By AMY NICHOLSON
By Amy Nicholson
By Stephanie Zacharek
By Amy Nicholson
By Alan Scherstuhl
By Stephanie Zacharek
By JOEL BEERS
By Kevin Dilmore
Decades after they died, Buster Keaton and Charlie Chaplin still have armies of fans and remain highly regarded by critics. Unfortunately, the same cannot be said for Harold Lloyd, Keaton and Chaplin's onetime peer. While Lloyd's pictures were blockbuster hits in their time, these days, he's mostly forgotten save for that one, indelible scene from Safety Lastin which he dangles off the face of a giant clock, high above the city streets. It would be hard to guess how often that image has turned up in books about the history of comedy, in documentaries about old-time Hollywood or in commercials for life insurance. That's more of a legacy than most of us leave behind, but it's still far less than Lloyd's talent deserves.
Long before Jackie Chan began doing stunts that could easily cripple a man a third his age or those guys on Jackass started setting one another on fire, Harold Lloyd was risking life and limb to give his audience a few chuckles. Lloyd flourished during Hollywood's lawless days; it was an era before union regulations, when on-set safety was barely considered and directors routinely subjected their stars to actual raging fires and pounding floods. Special effects were so primitive that when guns were fired onscreen, well, guns were fired onscreen. And even against this backdrop, people thought Lloyd was nuts for the stunts he did in his pictures.
While Keaton and Chaplin's best movies both reflect and transcend their eras, Lloyd's are curios featuring dialogue and performances that are sometimes puzzlingly quaint. But make no mistake; even the most jaded modern audiences are won over by Lloyd's brash, exuberant charm, and when one of his action sequences is in full flight, you are very much in the moment; in fact, you are short of breath both from laughing yourself hoarse and from the suspense of wondering how the heck Lloyd will get himself out of this latest mess.Girl Shy, screening this week at the Curtis Theatre in Brea, is a splendid introduction to Lloyd's work. The film stars Lloyd as hapless Harold Meadows, a sweet, stuttering, impoverished geekboy who falls hard for a lovely rich girl. The film zips along at a breezy pace, but nothing prepares you for the 20-minute chase toward the end, a spectacular, comic free-for-all that has influenced everything from The Graduate to It's a Mad, Mad, Mad, Mad World to The Blues Brothers. At one point, Lloyd is in the back of a car with a gun pointed at him, and in a bit of quick thinking and preposterous grace worthy of the early Mickey Mouse, he escapes by grabbing an overhead tree branch, launching himself out of the car and onto the back of a nearby horse, and then galloping away. Your brain is still struggling to process what you've just seen when Lloyd is already tumbling into some whole new breathtaking escapade; that's just how Lloyd's comedy works, so if you have asthma, chronic bronchitis or other constrictive-airway disorders, I'd strongly suggest bringing the inhaler along for this one.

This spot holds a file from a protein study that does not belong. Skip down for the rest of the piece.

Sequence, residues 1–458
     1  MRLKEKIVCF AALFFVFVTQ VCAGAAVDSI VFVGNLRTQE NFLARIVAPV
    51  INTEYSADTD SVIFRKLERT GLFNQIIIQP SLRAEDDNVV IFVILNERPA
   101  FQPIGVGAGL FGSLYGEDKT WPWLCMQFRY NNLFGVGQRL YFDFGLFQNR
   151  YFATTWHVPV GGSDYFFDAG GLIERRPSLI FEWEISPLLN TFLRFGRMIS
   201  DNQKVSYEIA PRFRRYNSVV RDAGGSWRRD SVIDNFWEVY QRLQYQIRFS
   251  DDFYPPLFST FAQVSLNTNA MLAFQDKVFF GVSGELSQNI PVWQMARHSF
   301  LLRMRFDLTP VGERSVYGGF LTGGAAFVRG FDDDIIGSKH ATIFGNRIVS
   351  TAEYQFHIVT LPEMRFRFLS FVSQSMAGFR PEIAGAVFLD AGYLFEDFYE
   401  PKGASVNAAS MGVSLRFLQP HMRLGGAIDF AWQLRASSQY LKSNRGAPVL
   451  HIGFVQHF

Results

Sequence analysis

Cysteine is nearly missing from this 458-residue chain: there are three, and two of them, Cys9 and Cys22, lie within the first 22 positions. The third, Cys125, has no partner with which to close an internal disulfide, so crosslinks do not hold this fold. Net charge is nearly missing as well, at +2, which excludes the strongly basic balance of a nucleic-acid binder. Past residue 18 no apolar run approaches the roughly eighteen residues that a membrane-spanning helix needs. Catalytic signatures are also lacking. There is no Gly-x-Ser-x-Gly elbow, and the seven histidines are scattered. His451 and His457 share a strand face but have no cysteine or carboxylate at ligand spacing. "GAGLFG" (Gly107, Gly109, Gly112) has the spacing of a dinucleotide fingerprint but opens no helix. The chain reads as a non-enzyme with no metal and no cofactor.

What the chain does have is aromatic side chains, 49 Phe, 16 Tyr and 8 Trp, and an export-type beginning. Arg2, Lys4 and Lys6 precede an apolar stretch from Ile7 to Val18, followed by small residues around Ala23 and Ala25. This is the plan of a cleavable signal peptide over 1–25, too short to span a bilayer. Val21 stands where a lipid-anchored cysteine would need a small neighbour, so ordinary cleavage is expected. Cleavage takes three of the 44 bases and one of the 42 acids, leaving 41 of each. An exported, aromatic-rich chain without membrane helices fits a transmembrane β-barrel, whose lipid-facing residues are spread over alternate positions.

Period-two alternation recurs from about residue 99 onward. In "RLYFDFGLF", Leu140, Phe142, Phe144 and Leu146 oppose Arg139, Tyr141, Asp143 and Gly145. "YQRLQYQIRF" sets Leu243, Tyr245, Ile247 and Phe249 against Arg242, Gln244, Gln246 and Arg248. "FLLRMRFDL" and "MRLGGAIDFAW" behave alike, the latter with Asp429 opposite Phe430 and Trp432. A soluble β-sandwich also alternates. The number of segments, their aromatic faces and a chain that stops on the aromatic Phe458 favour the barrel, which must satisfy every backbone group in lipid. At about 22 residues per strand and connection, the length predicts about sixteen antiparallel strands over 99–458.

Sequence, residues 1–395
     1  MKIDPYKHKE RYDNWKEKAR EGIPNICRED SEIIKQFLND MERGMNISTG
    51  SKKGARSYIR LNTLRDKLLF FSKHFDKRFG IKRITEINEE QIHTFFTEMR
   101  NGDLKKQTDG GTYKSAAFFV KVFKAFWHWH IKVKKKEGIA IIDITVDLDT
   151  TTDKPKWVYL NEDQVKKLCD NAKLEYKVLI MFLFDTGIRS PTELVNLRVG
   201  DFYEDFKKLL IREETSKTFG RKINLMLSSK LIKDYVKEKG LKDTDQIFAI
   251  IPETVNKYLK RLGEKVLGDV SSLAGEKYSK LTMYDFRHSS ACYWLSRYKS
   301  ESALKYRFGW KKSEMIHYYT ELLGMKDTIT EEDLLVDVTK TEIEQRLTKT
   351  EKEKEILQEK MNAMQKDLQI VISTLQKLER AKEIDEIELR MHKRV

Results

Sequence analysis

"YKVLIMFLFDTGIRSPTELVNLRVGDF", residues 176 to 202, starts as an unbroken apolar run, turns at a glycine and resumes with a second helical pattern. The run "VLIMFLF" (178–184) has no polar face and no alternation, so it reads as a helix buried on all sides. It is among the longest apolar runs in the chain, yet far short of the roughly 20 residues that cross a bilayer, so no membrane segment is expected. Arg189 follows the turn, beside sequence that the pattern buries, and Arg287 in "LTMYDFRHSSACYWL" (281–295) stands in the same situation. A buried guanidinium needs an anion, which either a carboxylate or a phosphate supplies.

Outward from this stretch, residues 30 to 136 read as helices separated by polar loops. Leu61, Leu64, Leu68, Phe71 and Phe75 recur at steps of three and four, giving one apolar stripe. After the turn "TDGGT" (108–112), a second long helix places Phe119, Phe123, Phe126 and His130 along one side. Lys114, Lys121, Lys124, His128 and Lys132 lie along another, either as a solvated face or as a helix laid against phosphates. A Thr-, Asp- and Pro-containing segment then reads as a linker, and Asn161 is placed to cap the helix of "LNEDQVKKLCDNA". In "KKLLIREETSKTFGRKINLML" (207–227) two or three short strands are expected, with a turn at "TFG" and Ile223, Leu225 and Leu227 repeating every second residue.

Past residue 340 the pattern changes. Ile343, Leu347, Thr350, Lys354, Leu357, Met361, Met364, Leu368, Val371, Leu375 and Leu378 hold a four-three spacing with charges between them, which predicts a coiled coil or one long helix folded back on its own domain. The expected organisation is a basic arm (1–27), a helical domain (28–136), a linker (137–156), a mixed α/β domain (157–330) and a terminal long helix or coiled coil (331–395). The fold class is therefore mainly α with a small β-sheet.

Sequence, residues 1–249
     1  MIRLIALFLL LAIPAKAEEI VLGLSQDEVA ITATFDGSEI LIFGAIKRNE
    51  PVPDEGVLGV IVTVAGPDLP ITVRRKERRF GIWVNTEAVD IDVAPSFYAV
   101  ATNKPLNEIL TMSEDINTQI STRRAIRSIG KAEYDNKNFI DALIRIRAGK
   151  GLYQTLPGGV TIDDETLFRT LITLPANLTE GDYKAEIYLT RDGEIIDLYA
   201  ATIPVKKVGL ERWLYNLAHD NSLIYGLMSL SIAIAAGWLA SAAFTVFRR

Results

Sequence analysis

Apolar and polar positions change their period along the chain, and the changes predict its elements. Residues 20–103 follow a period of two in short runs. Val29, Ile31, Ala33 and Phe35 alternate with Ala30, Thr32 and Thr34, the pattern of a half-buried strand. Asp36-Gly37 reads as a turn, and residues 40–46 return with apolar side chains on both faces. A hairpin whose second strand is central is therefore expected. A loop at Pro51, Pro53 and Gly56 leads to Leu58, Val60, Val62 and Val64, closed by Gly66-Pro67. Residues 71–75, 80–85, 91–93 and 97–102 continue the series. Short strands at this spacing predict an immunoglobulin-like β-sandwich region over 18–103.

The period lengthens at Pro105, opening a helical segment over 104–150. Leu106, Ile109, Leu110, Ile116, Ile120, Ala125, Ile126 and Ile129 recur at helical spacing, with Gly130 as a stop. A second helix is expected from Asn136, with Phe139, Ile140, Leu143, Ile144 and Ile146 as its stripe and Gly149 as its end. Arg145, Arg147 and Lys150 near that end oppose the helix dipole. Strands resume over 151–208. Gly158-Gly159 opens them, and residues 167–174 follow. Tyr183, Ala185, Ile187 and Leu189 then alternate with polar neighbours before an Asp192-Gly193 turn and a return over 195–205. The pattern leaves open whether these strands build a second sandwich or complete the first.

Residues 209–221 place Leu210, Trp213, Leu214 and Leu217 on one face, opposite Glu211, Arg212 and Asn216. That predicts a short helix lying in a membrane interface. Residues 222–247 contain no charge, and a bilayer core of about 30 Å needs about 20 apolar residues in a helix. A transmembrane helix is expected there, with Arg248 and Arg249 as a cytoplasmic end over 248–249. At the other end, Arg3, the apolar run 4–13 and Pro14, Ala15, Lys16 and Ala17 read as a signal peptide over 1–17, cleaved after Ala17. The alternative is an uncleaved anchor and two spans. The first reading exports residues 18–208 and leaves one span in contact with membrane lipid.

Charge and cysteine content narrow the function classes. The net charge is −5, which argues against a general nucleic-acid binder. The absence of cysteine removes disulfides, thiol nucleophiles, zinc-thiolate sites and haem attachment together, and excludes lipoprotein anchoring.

The Internet Movie Database credits Lloyd with 208 films, but few of them are screened much now, and even fewer are available for sale or rent. Girl Shy is one of the more criminally elusive of the bunch, so this show would be a grand thing even if it did not feature a performance by the authentic 1920s 13-piece band, Mora's Modern Rhythmists, as well as live musical accompaniment for the film by Dean Mora. Proceeds go toward research for Parkinson's disease, so you can laugh yourself silly and feel wonderfully self-righteous about doing it. Keaton and Chaplin may have the glory, but attend this show, and Lloyd will have another lifelong fan in you.
Girl Shy screens as part of the first ever Silent Film and Music Gala: A Special Night To Benefit The
Parkinson's & Movement Disorder Foundation at the Curtis Theatre, 1 Civic Center Circle, Brea, (714) 378-5076; www.pmdf.org/events. Sat., 8 p.m. Advance tickets, $45; at the door, $60; students, $20.
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